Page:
Mitchell, Jonathan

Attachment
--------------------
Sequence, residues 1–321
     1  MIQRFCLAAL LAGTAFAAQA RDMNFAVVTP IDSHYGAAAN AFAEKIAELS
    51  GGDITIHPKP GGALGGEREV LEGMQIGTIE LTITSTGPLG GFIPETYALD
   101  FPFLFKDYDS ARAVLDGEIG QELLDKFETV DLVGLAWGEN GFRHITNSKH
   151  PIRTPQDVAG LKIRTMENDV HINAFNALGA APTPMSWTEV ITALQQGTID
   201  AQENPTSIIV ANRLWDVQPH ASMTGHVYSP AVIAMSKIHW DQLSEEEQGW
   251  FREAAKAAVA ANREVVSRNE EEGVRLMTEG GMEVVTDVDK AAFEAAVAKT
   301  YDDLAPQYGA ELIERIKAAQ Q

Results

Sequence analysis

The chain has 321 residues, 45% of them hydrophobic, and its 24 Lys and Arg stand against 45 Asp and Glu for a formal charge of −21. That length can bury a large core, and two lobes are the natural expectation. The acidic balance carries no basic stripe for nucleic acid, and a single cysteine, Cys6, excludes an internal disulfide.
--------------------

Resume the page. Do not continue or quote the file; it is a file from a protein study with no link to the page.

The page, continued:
Mitchell, Jonathan a Presbyterian divine of note, was born in England in 1624. He came to this country in 1635. Jonathan was afforded all the advantages of education within reach. After due preparation, he was entered at Harvard College, and graduated in 1647. He was ordained at Cambridge, August 21, 1650, and settled as minister in that place. Soon after this president Dunstar embraced the principles of the Baptists. This was a peculiar trial to Mitchell; but, though he felt it to be his duty to combat the principles of his former tutor, he did it with such meekness of wisdom as not to lose his friendship. Mitchell's controversy resulted in the removal of president Dunstar from the college. In 1662 he was a member of the synod which met in Boston to discuss and settle a question concerning Church- membership and Church discipline, and the report was chiefly written by him. The determination of the question relating to the baptism of the children of those who did not approach the Lord's table, and the support thus given to what is called the half-way covenant, was more owing to him than to any other man. SEE HALF-WAY COVENANT. Time has shown that the views which this good man labored so hard to establish on this point cannot be sustained without ruining the purity of the churches. Jonathan Mitchell was eminent for piety, wisdom, humility, and love. He possessed a retentive memory, and was a fervent and energetic preacher. He died July 9,1668. He published several letters and sermons, for which consult Justin Winsor's Catalogue of the Prince Library (Boston, 1870, royal 8vo). One Life, by C. Mather; Magnalia, 3:158-185; Hist. Soc. 7:23 27, 47-52. (J.H.W.)

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